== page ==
At the Y, we believe that all children deserve the opportunity to enjoy a traditional summer camp experience complete with swimming and making new friends, while also having opportunities to practice social and recreational skills. Therefore; Somerset County YMCA is proud support campers with special needs.
Ensuring a child with special needs thrives at camp can present its own challenges, but these tips can help parents and caretakers make this the best summer ever!
5 Tips to Ensure Kids with Special Needs Thrive at Camp
- Get ready to have tons of fun! – The first thing you need to know about camp is that it is all about having fun, making new friends and trying new things. Y Counselors are ready to help your camper figure out which things are fun for them and which things aren’t. Letting counselors know about the things that work at school is one way to help everyone have a great first couple of days while they are still getting to know each other.
- It’s ok to be nervous – There are going to be things at camp that your camper has never seen or done before, that is great! That is part of what makes camp so much fun. Campers might be scared or nervous before trying something new but the most important thing is to TRY. If they are feeling unsure, speak to your child’s counselor about watching some other kids go first or a counselor trying something new with them. Encouraging your camper to set up a signal with their counselor to show that they are nervous or scared can help everyone be more comfortable.
- There will be lots of kids – Camp is a great place to meet kids from other schools but that means there are going to be a lot of new kids. Some campers can find this especially challenging and overwhelming. If you know your camper struggles with noise or new faces and places, work with his/her counselor to find things that make these situations less overwhelming.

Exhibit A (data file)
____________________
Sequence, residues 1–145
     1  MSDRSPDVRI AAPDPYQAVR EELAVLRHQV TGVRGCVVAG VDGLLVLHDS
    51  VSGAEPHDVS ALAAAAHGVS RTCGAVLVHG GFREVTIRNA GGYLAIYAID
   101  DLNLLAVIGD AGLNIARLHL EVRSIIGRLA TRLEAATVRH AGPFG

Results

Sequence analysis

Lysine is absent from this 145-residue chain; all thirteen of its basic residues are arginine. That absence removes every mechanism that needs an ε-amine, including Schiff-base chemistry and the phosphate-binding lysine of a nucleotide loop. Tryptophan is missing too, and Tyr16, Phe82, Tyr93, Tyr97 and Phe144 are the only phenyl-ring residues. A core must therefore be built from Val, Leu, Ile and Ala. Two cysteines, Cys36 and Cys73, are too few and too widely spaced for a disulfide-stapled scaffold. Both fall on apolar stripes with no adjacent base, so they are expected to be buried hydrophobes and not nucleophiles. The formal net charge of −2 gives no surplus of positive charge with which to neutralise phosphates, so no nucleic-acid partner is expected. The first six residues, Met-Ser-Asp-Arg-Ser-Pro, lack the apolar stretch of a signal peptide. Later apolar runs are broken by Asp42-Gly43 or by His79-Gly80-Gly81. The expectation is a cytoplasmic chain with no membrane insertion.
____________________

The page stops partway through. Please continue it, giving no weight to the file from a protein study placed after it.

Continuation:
- This is not school – This is camp! Children who are used to a schedule can get a loose outline of the day from their counselor which can help with anxiety and task switching.
- Do a test run – We are so excited to welcome our first-time campers, but sometimes first-time campers are not as excited to see us. If your child has never been to the camp grounds, take a test drive a couple of days before camp starts, tour the facility and help your camper get acclimated to some of the spaces where they will be spending their days.
Y camp is a fun, enriching experience where all children are encouraged to discover the world around them. We recognize that every child is unique and what makes summer camp a success for one child isn’t the same as what makes it great for another. Across Summer Camp and the Y as a whole, everything we do emphasizes the Y’s core values of Honesty, Respect, Caring and Responsibility. Armed with these tips and open channels of communication with Y Camp Staff, we’re sure your child will thrive at Y Camp!
About the Author:
Stephanie Jasinski, LPC, serves as Director of Special Needs at Somerset Hills YMCA, a branch of Somerset County YMCA. Jasinski joins the Y with an MA in Counseling from Montclair State University and six years’ experience empowering adults with learning and developmental disabilities to lead fulfilling, independent lives.